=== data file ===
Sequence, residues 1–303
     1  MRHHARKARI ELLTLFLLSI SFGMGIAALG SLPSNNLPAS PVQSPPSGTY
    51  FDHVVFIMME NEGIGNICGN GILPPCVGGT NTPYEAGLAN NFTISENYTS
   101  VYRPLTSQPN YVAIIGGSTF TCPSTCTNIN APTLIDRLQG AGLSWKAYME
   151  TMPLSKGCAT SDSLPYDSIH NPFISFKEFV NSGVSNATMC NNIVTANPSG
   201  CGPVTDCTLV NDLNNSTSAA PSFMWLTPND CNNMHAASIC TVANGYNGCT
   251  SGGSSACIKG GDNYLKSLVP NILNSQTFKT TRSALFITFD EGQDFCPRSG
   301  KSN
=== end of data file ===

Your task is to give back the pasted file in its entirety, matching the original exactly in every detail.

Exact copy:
Sequence, residues 1–303
     1  MRHHARKARI ELLTLFLLSI SFGMGIAALG SLPSNNLPAS PVQSPPSGTY
    51  FDHVVFIMME NEGIGNICGN GILPPCVGGT NTPYEAGLAN NFTISENYTS
   101  VYRPLTSQPN YVAIIGGSTF TCPSTCTNIN APTLIDRLQG AGLSWKAYME
   151  TMPLSKGCAT SDSLPYDSIH NPFISFKEFV NSGVSNATMC NNIVTANPSG
   201  CGPVTDCTLV NDLNNSTSAA PSFMWLTPND CNNMHAASIC TVANGYNGCT
   251  SGGSSACIKG GDNYLKSLVP NILNSQTFKT TRSALFITFD EGQDFCPRSG
   301  KSN